As Congress debates the future of the Affordable Care Act there is uncertainty around how new legislation will affect the dynamics of the healthcare industry, and uncertainty for patients on how they will continue to access care. Although the future is unclear, most people agree that the transition from fee-for-service to value-based care will continue. In fact, Forbes recently reported that UnitedHealth, Aetna and Anthem “are paying out almost half of their reimbursements via value-based care models”1 Aligning incentives with quality of care and patient outcomes it seems is a bipartisan issue and as a result innovative care delivery methodologies will continue to evolve and establish themselves in the healthcare industry.
The challenge then for medical laboratories is to plan for this inevitable reality by beginning the transition from fee-for-service to value-based care models. In order to do this, and to stay relevant in today’s marketplace, laboratories need to move away from their long-established paradigm of being a transactional, under-valued function to one where they position themselves as health information companies that can add value across the healthcare ecosystem.
Luminate Health had the privilege of once again sponsoring the Executive War College conference in New Orleans this year. One of the major conference themes for 2017 was “Laboratory 2.0”, and how for laboratories to continue to compete in today’s environment they need to provide enriched lab test services that add value for physicians, patients, and payers. Khosrow Shotorbani, CEO of TriCore Reference Laboratories and one of the thought leaders behind Lab 2.0, gave a keynote speech2, where he highlighted the work that he and other members of Project Santa Fe embarked on in the spring of last year. Project Santa Fe is a think-tank style group of laboratory leaders from influential healthcare organizations like Geisinger Health System, Henry Ford Health System, Kaiser Permanente Northern California Health Systems, Northwell Health Laboratories, and TriCore Reference Laboratories. “The coalition was established both to provide thought leadership and to help develop the evidence base for the valuation of clinical laboratory services in the next era of American healthcare.”3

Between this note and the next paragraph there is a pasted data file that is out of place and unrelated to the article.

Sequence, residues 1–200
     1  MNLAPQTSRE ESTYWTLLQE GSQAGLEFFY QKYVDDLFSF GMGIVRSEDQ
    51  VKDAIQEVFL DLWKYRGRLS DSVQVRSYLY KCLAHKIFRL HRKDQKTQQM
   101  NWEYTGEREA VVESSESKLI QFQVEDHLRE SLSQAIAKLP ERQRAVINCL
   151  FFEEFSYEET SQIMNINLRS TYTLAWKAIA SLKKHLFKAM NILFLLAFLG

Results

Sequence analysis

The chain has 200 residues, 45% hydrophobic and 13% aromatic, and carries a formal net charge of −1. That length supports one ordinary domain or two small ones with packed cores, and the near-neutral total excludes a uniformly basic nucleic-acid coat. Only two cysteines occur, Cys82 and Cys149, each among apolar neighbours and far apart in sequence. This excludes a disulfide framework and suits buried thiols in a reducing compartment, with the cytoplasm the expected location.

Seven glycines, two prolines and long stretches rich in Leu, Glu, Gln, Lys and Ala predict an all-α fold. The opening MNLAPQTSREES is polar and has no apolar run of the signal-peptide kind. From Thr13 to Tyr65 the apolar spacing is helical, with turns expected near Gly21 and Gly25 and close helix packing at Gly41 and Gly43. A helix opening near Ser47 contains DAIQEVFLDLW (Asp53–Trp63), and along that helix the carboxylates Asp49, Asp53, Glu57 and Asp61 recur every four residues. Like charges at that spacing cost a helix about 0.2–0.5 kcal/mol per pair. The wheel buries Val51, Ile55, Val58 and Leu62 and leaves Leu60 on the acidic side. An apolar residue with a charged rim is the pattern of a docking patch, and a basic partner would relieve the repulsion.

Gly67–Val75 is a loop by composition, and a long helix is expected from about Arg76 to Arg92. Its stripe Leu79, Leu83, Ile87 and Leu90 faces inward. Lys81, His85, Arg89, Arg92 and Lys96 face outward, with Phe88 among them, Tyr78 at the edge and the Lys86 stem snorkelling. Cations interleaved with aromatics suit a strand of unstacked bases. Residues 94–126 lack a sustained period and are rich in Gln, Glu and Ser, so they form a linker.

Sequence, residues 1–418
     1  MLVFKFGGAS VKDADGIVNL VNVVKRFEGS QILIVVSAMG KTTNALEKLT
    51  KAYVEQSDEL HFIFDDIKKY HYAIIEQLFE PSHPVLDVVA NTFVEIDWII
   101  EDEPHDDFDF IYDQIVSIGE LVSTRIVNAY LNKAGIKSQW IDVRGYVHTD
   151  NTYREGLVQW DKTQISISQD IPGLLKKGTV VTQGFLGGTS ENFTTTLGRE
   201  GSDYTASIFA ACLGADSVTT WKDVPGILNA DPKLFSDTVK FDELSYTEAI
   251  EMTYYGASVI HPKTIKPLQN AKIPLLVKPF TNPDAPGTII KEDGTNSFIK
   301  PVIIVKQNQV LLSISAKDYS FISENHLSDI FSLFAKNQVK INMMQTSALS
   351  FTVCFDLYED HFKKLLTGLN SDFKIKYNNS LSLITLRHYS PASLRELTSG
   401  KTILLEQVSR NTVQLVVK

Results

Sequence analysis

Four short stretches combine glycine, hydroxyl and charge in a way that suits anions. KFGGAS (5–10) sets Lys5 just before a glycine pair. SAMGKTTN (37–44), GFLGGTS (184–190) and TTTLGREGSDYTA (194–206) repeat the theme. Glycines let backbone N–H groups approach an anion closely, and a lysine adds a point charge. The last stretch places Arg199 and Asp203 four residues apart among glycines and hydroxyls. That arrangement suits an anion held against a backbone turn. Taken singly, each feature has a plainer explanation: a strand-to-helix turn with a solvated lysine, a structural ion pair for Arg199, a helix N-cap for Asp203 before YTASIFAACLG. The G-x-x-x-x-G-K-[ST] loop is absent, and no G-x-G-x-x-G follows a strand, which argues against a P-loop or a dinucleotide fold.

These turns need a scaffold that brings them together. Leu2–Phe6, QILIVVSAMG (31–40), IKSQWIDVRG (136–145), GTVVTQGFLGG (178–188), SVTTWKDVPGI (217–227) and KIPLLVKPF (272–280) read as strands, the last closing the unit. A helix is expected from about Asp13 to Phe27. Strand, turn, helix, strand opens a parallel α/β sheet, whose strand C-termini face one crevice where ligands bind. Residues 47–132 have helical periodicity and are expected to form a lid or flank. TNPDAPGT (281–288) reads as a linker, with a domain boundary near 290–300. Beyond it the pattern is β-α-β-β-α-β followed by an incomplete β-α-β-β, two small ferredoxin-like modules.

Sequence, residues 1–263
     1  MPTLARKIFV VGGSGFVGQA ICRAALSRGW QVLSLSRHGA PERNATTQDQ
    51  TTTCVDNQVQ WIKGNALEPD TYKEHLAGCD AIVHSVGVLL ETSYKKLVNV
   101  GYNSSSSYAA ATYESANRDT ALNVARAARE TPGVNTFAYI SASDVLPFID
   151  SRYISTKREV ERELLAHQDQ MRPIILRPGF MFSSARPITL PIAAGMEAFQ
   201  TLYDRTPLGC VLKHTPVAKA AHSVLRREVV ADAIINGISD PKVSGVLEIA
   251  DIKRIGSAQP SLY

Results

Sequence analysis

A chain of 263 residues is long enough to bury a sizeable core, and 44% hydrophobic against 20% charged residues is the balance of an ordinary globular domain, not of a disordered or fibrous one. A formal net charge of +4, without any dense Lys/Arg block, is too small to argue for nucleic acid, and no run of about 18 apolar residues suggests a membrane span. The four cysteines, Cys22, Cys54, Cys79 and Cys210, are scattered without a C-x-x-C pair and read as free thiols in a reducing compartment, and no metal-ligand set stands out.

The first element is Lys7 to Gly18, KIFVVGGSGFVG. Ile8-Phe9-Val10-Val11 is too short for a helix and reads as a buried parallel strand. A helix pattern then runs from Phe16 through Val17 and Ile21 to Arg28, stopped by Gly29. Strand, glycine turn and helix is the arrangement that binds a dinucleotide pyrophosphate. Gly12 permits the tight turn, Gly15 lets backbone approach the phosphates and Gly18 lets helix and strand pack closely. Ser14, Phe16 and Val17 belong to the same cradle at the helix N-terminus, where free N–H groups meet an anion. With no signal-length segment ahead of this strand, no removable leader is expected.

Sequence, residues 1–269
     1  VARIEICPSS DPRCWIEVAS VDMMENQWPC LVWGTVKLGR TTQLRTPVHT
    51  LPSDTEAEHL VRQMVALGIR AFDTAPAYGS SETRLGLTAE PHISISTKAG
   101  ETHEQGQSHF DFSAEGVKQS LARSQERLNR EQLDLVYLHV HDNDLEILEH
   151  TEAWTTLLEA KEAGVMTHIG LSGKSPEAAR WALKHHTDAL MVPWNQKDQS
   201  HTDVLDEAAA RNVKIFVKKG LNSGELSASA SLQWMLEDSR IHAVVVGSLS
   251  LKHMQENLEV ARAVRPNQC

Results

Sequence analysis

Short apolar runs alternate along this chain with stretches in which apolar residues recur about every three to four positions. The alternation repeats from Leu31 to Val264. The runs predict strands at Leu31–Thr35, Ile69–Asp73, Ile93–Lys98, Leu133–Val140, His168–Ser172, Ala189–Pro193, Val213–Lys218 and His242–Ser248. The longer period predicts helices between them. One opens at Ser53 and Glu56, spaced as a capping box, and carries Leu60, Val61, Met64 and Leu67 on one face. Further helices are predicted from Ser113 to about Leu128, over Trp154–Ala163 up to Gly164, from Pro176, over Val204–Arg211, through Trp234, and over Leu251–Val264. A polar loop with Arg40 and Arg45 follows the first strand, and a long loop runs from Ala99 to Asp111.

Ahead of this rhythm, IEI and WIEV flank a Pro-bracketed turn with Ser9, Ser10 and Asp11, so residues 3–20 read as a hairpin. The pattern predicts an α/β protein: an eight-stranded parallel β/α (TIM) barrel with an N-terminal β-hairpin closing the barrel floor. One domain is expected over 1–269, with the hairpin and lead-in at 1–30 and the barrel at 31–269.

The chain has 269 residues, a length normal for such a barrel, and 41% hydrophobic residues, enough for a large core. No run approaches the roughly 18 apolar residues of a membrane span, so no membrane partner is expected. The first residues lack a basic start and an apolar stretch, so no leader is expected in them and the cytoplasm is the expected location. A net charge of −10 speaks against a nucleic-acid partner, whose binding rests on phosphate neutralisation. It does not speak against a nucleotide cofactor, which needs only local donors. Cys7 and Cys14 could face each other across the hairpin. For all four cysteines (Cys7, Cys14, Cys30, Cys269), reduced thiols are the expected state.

The group has published a white paper on the topic where they highlight the opportunities that laboratories have in transitioning to this new way of thinking and towards value-based care. The group highlights the need for medical laboratories to provide “programmatic leadership in reducing total cost of care through optimization of time-to-diagnosis and time-to-effective therapeutics, optimization of care coordination, and programmatic support of wellness care, screening, and monitoring.”4 We at Luminate Health were excited to see this thought leadership in the industry on display and have been in alignment for quite some time on how the lab of the future needs to utilize its position, and its data, to create value through both pre-diagnostic and post-diagnostic services. It is our view that laboratories can help lead the transition from fee-for-service to value-based care models and leverage the critical diagnostic data that they produce in new and exciting ways.
Luminate Health helps its customers combine patient engagement with health analytics and empowers them to layer value-added services on top of the testing that they perform to enhance the patient experience and close gaps in care. By both engaging the patient and transforming lab data into meaningful analytics, laboratories can make the strategies laid out by the Santa Fe group a reality. For example, Luminate Health works with labs to provide its customers with real-time, patient-centric analytics that target and identify at-risk populations. Once these populations are identified, we use our patient engagement platform to help these patients better manage their health and take clinically meaningful actions, thus bringing the lab’s services to the forefront of patient care. These patient engagement efforts can result in slowing the progression of chronic disease, lowering the overall cost of care and improving outcomes. Laboratories that take advantage of these opportunities to leverage their data and provide value before and after the testing that they perform, will be well positioned to thrive in tomorrow’s healthcare environment, no matter the ultimate fate of the Affordable Care Act.